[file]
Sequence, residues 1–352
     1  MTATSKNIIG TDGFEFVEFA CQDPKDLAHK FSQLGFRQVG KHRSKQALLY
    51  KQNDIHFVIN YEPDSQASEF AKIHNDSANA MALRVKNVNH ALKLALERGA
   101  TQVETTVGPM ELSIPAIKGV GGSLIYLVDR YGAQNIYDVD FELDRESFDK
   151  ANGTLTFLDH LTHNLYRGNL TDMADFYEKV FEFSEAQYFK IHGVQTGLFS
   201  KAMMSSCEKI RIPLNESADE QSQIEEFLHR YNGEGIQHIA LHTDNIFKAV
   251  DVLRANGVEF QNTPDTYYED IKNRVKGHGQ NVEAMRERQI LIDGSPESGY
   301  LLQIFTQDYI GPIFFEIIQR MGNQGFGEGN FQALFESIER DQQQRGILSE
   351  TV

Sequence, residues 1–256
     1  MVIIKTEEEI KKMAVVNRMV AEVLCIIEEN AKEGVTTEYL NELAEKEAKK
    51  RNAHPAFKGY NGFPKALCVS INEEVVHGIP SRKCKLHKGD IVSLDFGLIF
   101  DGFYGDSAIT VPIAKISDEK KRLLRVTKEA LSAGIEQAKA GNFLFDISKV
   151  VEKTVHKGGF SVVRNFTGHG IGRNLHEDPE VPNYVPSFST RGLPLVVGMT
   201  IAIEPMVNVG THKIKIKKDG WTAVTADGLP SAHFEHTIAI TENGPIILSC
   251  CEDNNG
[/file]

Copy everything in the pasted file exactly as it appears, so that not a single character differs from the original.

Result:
Sequence, residues 1–352
     1  MTATSKNIIG TDGFEFVEFA CQDPKDLAHK FSQLGFRQVG KHRSKQALLY
    51  KQNDIHFVIN YEPDSQASEF AKIHNDSANA MALRVKNVNH ALKLALERGA
   101  TQVETTVGPM ELSIPAIKGV GGSLIYLVDR YGAQNIYDVD FELDRESFDK
   151  ANGTLTFLDH LTHNLYRGNL TDMADFYEKV FEFSEAQYFK IHGVQTGLFS
   201  KAMMSSCEKI RIPLNESADE QSQIEEFLHR YNGEGIQHIA LHTDNIFKAV
   251  DVLRANGVEF QNTPDTYYED IKNRVKGHGQ NVEAMRERQI LIDGSPESGY
   301  LLQIFTQDYI GPIFFEIIQR MGNQGFGEGN FQALFESIER DQQQRGILSE
   351  TV

Sequence, residues 1–256
     1  MVIIKTEEEI KKMAVVNRMV AEVLCIIEEN AKEGVTTEYL NELAEKEAKK
    51  RNAHPAFKGY NGFPKALCVS INEEVVHGIP SRKCKLHKGD IVSLDFGLIF
   101  DGFYGDSAIT VPIAKISDEK KRLLRVTKEA LSAGIEQAKA GNFLFDISKV
   151  VEKTVHKGGF SVVRNFTGHG IGRNLHEDPE VPNYVPSFST RGLPLVVGMT
   201  IAIEPMVNVG THKIKIKKDG WTAVTADGLP SAHFEHTIAI TENGPIILSC
   251  CEDNNG